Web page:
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(PROGRAMMING) Rock & Roll FM In San Francisco


You would think rock and roll on FM radio would still be flourishing in the city with Haight-Ashbury roots as well as being the birthplace of the Grateful Dead, but that's simply not the case in San Francisco.
The CBS FM biggie, ("Live 105"), still maintains decent ratings, and an ardent, loyal following, but is nowhere near the zenith it enjoyed in the recent past. Part of that, of course, is the generational turn away from terrestrial radio to the iPod/Pandora world. This isn't just SF's issue -- indeed this situation exists in all markets, notably Chicago and New York. Los Angeles too, to a lesser degree.
An industry vet here in the City by the Bay is nevertheless stunned. So am I.
Growing up in the 70s, I recall the days when legendary station KSAN, and its marquee jock Terry McGovern, was appointment radio. In fact, there was a distinct 70s element to that outpost: Winterland, the horseshoe-shaped concert venue in SF's Fillmore district was a part of many KSAN remotes. Elvin Bishop, Eddie Money, Jefferson Airplane, and the Mamas and the Papas graced its stage and it was a lively source of many of KSAN's playlists.
The late rock promoter, Bill Graham, (he died in a helicopter crash in 1991), was a major player in both the concert business and radio scene in the Bay Area. His influence stretched from backstage to the studio. Graham's major client, The Grateful Dead, were part of the city's rock and roll heritage. It was no coincidence that the very last show at the Winterland was New Year's Eve, 1978. The Dead, along with the Blues Brothers and Elvin Bishop, made for an historic show. Portions of it were broadcast on KSAN. Those were the days.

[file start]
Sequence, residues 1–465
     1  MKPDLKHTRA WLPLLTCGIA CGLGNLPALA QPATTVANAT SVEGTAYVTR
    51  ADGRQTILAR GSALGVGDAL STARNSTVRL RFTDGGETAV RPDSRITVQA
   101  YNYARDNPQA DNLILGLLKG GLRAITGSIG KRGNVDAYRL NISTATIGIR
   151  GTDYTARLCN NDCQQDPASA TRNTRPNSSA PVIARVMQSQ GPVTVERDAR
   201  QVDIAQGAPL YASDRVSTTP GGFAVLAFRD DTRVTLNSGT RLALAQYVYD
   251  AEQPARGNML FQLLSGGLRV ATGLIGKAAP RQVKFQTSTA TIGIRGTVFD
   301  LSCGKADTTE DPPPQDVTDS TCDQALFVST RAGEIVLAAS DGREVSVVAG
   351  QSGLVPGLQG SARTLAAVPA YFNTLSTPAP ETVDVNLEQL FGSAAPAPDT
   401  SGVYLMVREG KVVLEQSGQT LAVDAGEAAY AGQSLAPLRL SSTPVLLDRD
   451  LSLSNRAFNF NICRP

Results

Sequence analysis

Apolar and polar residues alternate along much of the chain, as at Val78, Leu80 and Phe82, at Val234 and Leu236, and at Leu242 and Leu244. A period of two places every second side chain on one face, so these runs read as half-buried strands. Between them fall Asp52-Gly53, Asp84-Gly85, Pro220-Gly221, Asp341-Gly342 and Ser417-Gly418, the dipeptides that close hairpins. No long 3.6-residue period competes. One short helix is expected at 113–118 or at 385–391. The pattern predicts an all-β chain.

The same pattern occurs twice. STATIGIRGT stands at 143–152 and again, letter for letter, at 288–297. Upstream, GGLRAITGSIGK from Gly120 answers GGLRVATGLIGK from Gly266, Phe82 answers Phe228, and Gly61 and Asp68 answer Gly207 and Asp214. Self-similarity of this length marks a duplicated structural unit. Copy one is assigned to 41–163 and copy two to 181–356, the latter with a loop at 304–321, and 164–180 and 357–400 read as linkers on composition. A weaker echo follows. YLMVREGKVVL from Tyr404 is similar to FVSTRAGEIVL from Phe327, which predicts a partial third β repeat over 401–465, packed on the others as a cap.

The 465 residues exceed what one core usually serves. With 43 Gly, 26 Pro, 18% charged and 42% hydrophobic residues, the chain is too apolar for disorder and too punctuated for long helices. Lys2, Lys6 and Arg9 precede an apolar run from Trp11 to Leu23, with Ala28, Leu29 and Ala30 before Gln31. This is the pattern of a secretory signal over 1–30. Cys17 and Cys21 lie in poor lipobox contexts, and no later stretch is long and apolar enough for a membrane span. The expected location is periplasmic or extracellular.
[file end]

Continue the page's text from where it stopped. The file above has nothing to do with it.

Today, R and R in this city has taken a downward turn. Live 105 still tries diligently but lacks true soul and inspiration. Former kingpin, KFOG, has seen its loyal listeners mostly abandon the house where Dave Morey ruled the FM forest. The baby boomers have been dismayed by a morning show fiasco -- a new team is still trying to gain traction after a train wreck a few months ago -- nevertheless, KFOG is still trying. Since Morey left in 2008, it's been a difficult listen.

Mostly, FM in this city, (and others too), has to find a new niche. Playlists alone don't bring traction. The jock/s have to discover new creative templates. In this era, that can be a challenge. There are only a few Howard Sterns, Cousin Brucies, Dr. Donald B. Roses, and Stephen Kapens.
FM content is now, unfortunately, automated. There is no creative zeitgeist, which is sad given this town's history. To find creative content, programmers must 1. want to fire up the jock's creativiry; 2. to play the distinct songs that deserve and gravitate toward the AOR folks, (they're still around); and 3. stick with that format and allow it to build an audience that hasn't drifted off to satellite or the Internet.
I've always maintained that no matter what format, what arena, San Francisco has a heart for R and R radio. It's ingrained in the 415 -- from the Haight to the Marina, from the Embarcadero to the Fillmore. I can still hear Mick Jagger singing "Start Me Up" at Candlestick Park in 1981. And Alex Bennett talking to John Lennon in 1979 on KMEL.
FM Rock Radio may be on the downslope but its cultural heritage here in San Francisco will forever be a part of the audio landscape.

Rich Lieberman is a veteran SF Bay Area news blogger covering radio and TV since 2001.His media blog, "415 Media" ( is the #1-read industry sheet in SF.

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